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Thread: Killed my First Teensy 4.0

  1. #1
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    Killed my First Teensy 4.0

    Don't know WHAT I did, I was setting up 5 buttons to run on a single analog pin and a 20x4 display. All was A-Okay. buttons didn't work right.. then... the display shut off. Now there is no 3.3v And its not recognized by the PC any more. Anyone have any luck resurecting one of these from an incident like this?

  2. #2
    Senior Member+ defragster's Avatar
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    Quote Originally Posted by Hotwire View Post
    Don't know WHAT I did, I was setting up 5 buttons to run on a single analog pin and a 20x4 display. All was A-Okay. buttons didn't work right.. then... the display shut off. Now there is no 3.3v And its not recognized by the PC any more. Anyone have any luck resurecting one of these from an incident like this?
    If everything is disconnected and rested some time and then USB powering doesn't show 3.3V that's a bad sign.

    No idea what pins and what was connected - any chance 5V was involved or touched? Is the 20x4 display a 5V device?

  3. #3
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    The display is a 5v i2c device. It was attached to 5v, Gnd, SDA0 and SCL0.

    The switches were attached to GND, 3.3v and Pin 14 (A0).

  4. #4
    Senior Member+ defragster's Avatar
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    Quote Originally Posted by Hotwire View Post
    The display is a 5v i2c device. It was attached to 5v, Gnd, SDA0 and SCL0.

    The switches were attached to GND, 3.3v and Pin 14 (A0).
    5V i2c device possibly/likely pulling those pins up to 5V - at least when doing output if not hosting pullups to 5V - not acceptable to the T_4.0.

  5. #5
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    So its toast.. Iv got a spare... because I KNEW the first one was going to be sacrificial.

    Thank you!

  6. #6
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    Yeah - 5V bad news for a T_4's 1062 ... just like the T_3.6 ... High speed and great features mean the silicon underpinnings are cramped and design limited to 3.3V.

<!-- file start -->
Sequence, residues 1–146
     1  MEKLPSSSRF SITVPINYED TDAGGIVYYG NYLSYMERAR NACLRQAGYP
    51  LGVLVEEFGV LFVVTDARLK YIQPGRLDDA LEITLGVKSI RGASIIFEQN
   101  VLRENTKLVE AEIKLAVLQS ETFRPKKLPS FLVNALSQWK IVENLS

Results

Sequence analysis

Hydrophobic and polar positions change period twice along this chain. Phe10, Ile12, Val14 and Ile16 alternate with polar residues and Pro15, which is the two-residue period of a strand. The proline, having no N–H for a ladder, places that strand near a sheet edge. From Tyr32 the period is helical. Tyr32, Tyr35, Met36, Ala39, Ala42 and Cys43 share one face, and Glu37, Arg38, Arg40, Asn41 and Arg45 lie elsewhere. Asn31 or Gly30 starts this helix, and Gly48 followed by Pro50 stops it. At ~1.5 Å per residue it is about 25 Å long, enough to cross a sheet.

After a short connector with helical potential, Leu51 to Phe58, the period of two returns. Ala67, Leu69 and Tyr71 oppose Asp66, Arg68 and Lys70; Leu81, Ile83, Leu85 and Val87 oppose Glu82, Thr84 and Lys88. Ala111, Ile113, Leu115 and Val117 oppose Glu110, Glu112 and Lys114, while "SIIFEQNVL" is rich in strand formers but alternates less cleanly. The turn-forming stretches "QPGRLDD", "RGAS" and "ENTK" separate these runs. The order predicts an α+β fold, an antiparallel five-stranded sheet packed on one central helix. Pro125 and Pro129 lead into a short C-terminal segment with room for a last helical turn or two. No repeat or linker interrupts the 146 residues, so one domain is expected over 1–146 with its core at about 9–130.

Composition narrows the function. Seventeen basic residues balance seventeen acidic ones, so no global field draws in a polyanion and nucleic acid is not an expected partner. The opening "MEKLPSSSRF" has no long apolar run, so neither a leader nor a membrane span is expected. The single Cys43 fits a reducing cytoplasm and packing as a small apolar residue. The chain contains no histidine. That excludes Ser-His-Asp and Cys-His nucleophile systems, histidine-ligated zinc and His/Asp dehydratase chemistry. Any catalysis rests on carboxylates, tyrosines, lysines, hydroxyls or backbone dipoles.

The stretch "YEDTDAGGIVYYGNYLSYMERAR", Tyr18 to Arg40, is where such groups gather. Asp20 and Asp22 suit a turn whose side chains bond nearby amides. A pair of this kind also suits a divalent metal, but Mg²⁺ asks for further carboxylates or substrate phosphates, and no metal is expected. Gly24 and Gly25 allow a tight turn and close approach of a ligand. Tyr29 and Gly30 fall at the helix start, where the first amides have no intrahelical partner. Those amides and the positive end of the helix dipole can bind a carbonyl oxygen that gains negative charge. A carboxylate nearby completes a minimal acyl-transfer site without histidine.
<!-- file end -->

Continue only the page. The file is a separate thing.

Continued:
Glad you have a spare on hand ... if you put 5V on the display without T_4.0 connected a DVM will probably see 5V on the SDA and SCL lines.

  7. #7
    ok, so what is the best way to interface with one of those 128x64 5v OLED displays on a teensy 4? level shifter? voltage divider?

  8. #8
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    There are a lot of ways to accomplish that. If you don't need to read from the display, I would consider using simple TTL logic rather than a specialized level shifter. A $0.50 part works great. If you need 4 pins, use a 74AHCT125 or 74HCT125. If you need up to 8 pins, use a 74AHCT541 or 74HCT541. These are buffer chips - "non-inverting". They will take anything over 2V as a high (or logic 1) and output a 5V signal so work great for interfacing 3.3V logic to 5V chips. Adafruit has a write up on that here.

  9. #9
    Are you sure it wasn't the switches?

    Didn't you say you may have miswired them?

    You wrote, "The switches were attached to GND, 3.3v and Pin 14 (A0)."

    Any chance that when you pressed a button it shorted 3.3 VDC to ground?

    If you no longer have 3.3 VDC on the board, then either something is shorted or the voltage regulator is bad. Is there +5 VDC at the regulator input?

    You may also want to finger test the MPU. Place your finger on the chip and then apply power. If it gets hot to the touch you can pretty well assume the processor is bad. If not, I would start with the power supply circuit, trace from the USB power pin #1, and see where you lose power.

    The voltage regulator (TLV757P) also has a 100 mA maximum current before it automatically shuts down. So, if there is no 3.3 volts, then it may be there is a short on the board. Try measuring the impedance to ground at 3.3 VDC (with power disconnected).

  10. #10
    Good question, I need to research!

  11. #11
    Senior Member PaulStoffregen's Avatar
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    While not good, normal I2C pullup resistors to 5V should not kill Teensy 4.0 or 4.1. The chip has ESD protection diodes. NXP doesn't rate them for handling any level of continuous current, but in reality they can pretty easily handle a couple mA.

    As a quick test, I put two 1K pullups to 5V on this Teensy 4.1.

    Click image for larger version. 

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    I ran the Wire library Scanner example, and also the LED blink example (to test what happens if the pins aren't in I2C mode). My voltmeter says both pins are at 3.9V. I can confirm this Teensy 4.1 is still working.

    I can't say what happened to your Teensy, but hopefully this helps to rule out the I2C pullup resistors.

  12. #12
    Quote Originally Posted by PaulStoffregen View Post
    While not good, normal I2C pullup resistors to 5V should not kill Teensy 4.0 or 4.1. The chip has ESD protection diodes. NXP doesn't rate them for handling any level of continuous current, but in reality they can pretty easily handle a couple mA.

    As a quick test, I put two 1K pullups to 5V on this Teensy 4.1.

    Click image for larger version. 

Name:	1k.jpg 
Views:	5 
Size:	84.6 KB 
ID:	20404

    I ran the Wire library Scanner example, and also the LED blink example (to test what happens if the pins aren't in I2C mode). My voltmeter says both pins are at 3.9V. I can confirm this Teensy 4.1 is still working.

    I can't say what happened to your Teensy, but hopefully this helps to rule out the I2C pullup resistors.
    Thank you!

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